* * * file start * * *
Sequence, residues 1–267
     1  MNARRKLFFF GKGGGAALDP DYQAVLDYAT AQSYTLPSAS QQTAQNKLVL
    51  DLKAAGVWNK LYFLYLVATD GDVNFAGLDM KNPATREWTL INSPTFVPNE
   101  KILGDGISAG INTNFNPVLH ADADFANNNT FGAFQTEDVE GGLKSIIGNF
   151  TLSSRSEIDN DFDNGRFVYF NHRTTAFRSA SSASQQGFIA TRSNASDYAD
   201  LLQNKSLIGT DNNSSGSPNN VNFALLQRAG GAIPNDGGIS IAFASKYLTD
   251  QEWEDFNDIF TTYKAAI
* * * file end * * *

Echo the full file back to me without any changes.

Sequence, residues 1–267
     1  MNARRKLFFF GKGGGAALDP DYQAVLDYAT AQSYTLPSAS QQTAQNKLVL
    51  DLKAAGVWNK LYFLYLVATD GDVNFAGLDM KNPATREWTL INSPTFVPNE
   101  KILGDGISAG INTNFNPVLH ADADFANNNT FGAFQTEDVE GGLKSIIGNF
   151  TLSSRSEIDN DFDNGRFVYF NHRTTAFRSA SSASQQGFIA TRSNASDYAD
   201  LLQNKSLIGT DNNSSGSPNN VNFALLQRAG GAIPNDGGIS IAFASKYLTD
   251  QEWEDFNDIF TTYKAAI